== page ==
Pietraperzia is a small town located at 476m a.s.l. in the Enna province. It has a charming medieval look featuring yellow-ochre colored houses. From the ruins of its Norman Castle extends a breath-taking view over the valley of the river Salso. It has a population of some 12,000. Pottery remnants discovered at the area seem to date back to an ancient neolithic village.
The earliest documented records date from the Roman, the Arab and, above all, the Norman dominations. It were them who enlarged the castle which sits atop a calcareous spur dominating the landscape. Frederick II granted Pietraperzia to the Barresi family. The French actually ruled over it as far as it was besieged by Frederick of Aragon army led by Manfredi Chiaramonte. After Caltabellotta’s peace treaty, it first became a royal dominion, then it was given back to the Barresis who held it as far as the close of the 16th century. A remarkable urban growth was recorded in the following centuries.
Pietraperzia has many interesting buildings and monuments, mostly noble palazzi, such as the 1500’s Palazzo del Governatore, the Neogothic Palazzo Tortorici and the Palazzo Comunale, that is a former Dominican Convent. The town library is as much attractive, with a rich collection of works, comprising some thirty incunable editions and countless 1500’s, 1600’s and 1700’s tomes ranging from the Goutenberg epoch through 1500’s.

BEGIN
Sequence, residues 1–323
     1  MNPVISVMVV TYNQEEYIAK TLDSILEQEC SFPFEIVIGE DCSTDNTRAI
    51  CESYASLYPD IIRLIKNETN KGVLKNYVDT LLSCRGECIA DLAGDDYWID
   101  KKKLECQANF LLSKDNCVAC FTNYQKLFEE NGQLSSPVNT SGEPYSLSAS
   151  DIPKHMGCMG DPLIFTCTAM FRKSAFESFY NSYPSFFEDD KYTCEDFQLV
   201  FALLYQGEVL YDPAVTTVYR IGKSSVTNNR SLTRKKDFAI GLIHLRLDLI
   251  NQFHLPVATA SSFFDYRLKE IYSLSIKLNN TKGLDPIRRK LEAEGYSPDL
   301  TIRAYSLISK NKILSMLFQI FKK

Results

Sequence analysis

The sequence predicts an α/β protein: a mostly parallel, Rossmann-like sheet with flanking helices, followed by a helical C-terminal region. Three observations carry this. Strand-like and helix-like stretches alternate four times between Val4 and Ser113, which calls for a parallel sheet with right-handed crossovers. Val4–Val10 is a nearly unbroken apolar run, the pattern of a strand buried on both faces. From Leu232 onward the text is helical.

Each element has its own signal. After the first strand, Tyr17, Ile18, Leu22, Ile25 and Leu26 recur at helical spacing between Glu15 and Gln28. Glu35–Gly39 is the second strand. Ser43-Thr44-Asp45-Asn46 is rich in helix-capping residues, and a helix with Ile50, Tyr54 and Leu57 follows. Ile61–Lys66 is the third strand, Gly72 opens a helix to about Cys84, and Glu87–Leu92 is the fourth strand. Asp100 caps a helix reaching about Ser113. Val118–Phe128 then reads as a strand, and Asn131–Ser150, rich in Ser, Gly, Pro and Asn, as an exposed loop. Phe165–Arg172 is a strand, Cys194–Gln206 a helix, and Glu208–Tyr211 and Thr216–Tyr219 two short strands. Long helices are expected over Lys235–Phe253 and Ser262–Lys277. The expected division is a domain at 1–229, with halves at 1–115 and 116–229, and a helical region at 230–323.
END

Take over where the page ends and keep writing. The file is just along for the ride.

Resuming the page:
Several religious buildings are also worth-seeing. The Chiesa Madre, dedicated to St. Mary is the most important of all. It contains various statues in the Gagini style and a splendid canvas depicting The Enthroned Virgin and Saints by Filippo Paladino.
Among the minor churches are the Chiesa di San Nicolò – a former mosque converted during the Norman rule – the Chiesa Caterva, preserving the relics of San Felice and various stuccoworks, and the Parrocchia di Santa Maria del Gesù with the adjacent Convento dei Frati Francescani.